Pancakes for Dinner

March 19, 2014 | By Waikiki Magazine Team

Chibo Restaurant serves up a unique dish.

At first glance, okonomiyaki looks like a giant pancake. And, for the uninitiated, that’s probably the best way to describe it: a savory pancake filled with cabbage and a selection of meat and/ or seafood.

Get your taste of this unique dish at Chibo Restaurant, located at Royal Hawaiian Center. Masatsugu Nakai founded Chibo Restaurant in Osaka, Japan in 1967. It has since grown to 60 locations. The Waikiki location is the restaurant’s largest and only location in the U.S.

Okonomiyaki originated in Japan, during the Edo period. The delicious dish’s popularity grew after WWII, and today, you’ll find many variations of the dish—the most popular being the Osaka style.

A hearty mixture of flour, egg, cabbage and mountain yam makes up the “pancake” portion of Chibo Restaurant’s signature okonomiyaki. From there, diners can choose from a selection of meat and seafood to include in the dish. Go for the Okonomiyaki “Chibo,” a house specialty that includes sirloin, shrimp, squid and scallops. Patrons can create their own version with other choices that include pork, bacon, chicken and kim chee.

If possible, sit at the teppan stations when at Chibo Restaurant. This is where you’ll witness the rest of the okonomiyaki magic—the artful preparation that the teppan chefs take in making this dish. After crafting the pancake, now with all meat and vegetable selections completely incorporated in it, the chef slathers it with Chibo’s okonomiyaki sauce—their version of plum sauce—and cuts it into a design with a mayonnaise sauce. This is finally topped with a delicate pile of shaved bonito that is shaved so thin it appears to dance atop the dish.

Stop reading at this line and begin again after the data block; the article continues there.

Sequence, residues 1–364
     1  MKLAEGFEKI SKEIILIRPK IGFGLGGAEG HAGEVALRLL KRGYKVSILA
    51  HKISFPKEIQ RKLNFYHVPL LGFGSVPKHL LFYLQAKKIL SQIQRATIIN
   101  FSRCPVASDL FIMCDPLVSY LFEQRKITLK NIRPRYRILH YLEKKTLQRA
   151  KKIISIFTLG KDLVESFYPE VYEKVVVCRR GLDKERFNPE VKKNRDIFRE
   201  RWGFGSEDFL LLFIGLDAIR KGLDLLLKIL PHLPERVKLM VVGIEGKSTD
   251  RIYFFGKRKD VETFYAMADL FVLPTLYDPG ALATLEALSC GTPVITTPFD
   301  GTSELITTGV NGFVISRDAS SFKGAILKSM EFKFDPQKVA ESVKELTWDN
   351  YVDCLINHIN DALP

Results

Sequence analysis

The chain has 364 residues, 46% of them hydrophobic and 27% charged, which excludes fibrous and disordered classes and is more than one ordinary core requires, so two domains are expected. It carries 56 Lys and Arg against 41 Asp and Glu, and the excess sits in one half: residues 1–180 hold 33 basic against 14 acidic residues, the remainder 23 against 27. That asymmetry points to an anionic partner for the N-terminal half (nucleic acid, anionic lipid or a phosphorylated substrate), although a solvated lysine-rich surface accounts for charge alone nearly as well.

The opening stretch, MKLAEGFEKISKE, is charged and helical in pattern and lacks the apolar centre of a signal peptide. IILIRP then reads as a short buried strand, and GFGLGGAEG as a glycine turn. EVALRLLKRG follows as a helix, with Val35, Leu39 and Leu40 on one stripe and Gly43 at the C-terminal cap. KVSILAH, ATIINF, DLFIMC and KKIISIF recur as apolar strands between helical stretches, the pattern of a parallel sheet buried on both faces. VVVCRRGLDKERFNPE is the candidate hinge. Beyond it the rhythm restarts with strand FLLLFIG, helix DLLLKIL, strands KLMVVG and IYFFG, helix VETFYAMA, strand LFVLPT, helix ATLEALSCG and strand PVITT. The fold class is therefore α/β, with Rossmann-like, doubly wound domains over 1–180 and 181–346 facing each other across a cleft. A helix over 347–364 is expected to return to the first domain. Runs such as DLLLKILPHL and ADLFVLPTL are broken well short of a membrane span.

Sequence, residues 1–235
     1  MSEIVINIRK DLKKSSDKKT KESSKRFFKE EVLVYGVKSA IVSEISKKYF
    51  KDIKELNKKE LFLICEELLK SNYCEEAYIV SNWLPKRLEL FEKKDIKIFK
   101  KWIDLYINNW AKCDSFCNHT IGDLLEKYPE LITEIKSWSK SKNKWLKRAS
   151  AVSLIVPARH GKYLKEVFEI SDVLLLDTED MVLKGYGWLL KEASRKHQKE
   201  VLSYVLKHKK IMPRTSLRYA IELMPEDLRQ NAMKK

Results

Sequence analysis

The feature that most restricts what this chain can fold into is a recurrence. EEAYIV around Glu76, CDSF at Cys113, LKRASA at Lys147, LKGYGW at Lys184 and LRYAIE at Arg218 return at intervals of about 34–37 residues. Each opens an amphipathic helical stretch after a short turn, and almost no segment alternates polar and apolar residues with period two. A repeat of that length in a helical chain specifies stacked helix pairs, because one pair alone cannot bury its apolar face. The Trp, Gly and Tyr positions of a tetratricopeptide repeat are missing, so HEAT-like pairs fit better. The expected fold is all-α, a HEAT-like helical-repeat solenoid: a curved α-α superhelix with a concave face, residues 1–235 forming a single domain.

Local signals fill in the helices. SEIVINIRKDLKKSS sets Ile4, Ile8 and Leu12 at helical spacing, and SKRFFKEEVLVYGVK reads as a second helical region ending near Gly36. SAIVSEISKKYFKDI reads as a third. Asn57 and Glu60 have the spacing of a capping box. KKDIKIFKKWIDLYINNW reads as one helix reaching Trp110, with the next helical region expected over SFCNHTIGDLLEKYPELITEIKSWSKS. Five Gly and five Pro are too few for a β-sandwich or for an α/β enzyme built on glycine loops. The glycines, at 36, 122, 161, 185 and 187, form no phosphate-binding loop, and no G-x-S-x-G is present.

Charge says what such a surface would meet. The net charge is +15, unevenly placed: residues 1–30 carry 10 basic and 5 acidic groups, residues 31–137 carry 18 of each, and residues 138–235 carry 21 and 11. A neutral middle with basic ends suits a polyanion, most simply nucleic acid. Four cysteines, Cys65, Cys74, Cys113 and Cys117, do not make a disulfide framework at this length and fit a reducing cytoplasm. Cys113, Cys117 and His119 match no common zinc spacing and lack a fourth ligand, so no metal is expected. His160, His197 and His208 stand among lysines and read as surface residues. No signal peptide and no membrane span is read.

Don’t be mistaken—Chibo Restaurant is no one-trick pony. Other delicious options include their yakisoba, a dish of noodles mixed with a selection of meat and vegetables, cooked teppan style with dazzling efficiency. Try the specialty Yakisoba “Chibo,” mixed with sirloin, shrimp and squid. You can also opt for it to be served “crepe style,” which is exactly how it sounds: the noodles are presented atop a thin crepe. There are also traditional teppan options such as a set meal served with salad, rice, tsukemono (Japanese pickles) and miso soup. Teppan options include chicken, lobster, filet steak and an impressive Prime N.Y. Steak and Half-Lobster Tail combo. It all goes well with a cup of tea, sake, a Japanese beer—or maybe Chibo’s Tropical Punch.

Chibo Restaurant’s inviting interior and friendly staff make it the perfect place to linger over a nice meal. Choose from an array of side dishes, salads and appetizers, including the flavorful ‘ahi poke. The poke is tossed with onions and a special sauce and served atop a bed of lettuce. This beautiful creation is topped with colorful shredded carrots, radish and daikon.

Head there for Happy Hour, 3-6 p.m. daily. Choices include edamame ($3), teriyaki or garlic chicken ($7), ‘ahi poke ($10), ribeye ($10) and various drink specials. Night owls can opt for the Late Night Happy Hour, Fridays and Saturdays, 10 p.m.-1 a.m., where you’ll find live music and no cover charge.

While it may not be the most familiar dish, those who have tried Chibo Restaurant’s okonomiyaki have become quick fans of this beefed-up Japanese version of a crepe.

Photos: Jeff Sanner